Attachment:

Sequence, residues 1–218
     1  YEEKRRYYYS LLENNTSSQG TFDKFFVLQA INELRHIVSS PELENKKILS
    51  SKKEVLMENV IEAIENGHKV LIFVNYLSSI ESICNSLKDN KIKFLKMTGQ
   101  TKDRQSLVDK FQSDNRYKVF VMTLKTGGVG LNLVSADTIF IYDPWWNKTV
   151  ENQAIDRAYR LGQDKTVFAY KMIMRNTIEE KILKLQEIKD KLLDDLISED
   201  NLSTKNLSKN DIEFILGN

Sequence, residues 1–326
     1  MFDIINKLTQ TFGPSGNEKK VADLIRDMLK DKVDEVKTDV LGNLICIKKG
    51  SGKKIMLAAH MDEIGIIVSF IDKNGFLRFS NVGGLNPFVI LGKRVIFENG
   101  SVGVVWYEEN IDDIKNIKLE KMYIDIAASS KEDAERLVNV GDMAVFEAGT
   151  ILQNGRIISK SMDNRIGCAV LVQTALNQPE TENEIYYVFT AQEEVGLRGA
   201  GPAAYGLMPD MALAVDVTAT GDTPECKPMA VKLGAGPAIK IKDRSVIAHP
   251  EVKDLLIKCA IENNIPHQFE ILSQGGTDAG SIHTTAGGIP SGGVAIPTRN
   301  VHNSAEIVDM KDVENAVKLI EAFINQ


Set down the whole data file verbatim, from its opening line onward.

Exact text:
Sequence, residues 1–218
     1  YEEKRRYYYS LLENNTSSQG TFDKFFVLQA INELRHIVSS PELENKKILS
    51  SKKEVLMENV IEAIENGHKV LIFVNYLSSI ESICNSLKDN KIKFLKMTGQ
   101  TKDRQSLVDK FQSDNRYKVF VMTLKTGGVG LNLVSADTIF IYDPWWNKTV
   151  ENQAIDRAYR LGQDKTVFAY KMIMRNTIEE KILKLQEIKD KLLDDLISED
   201  NLSTKNLSKN DIEFILGN

Sequence, residues 1–326
     1  MFDIINKLTQ TFGPSGNEKK VADLIRDMLK DKVDEVKTDV LGNLICIKKG
    51  SGKKIMLAAH MDEIGIIVSF IDKNGFLRFS NVGGLNPFVI LGKRVIFENG
   101  SVGVVWYEEN IDDIKNIKLE KMYIDIAASS KEDAERLVNV GDMAVFEAGT
   151  ILQNGRIISK SMDNRIGCAV LVQTALNQPE TENEIYYVFT AQEEVGLRGA
   201  GPAAYGLMPD MALAVDVTAT GDTPECKPMA VKLGAGPAIK IKDRSVIAHP
   251  EVKDLLIKCA IENNIPHQFE ILSQGGTDAG SIHTTAGGIP SGGVAIPTRN
   301  VHNSAEIVDM KDVENAVKLI EAFINQ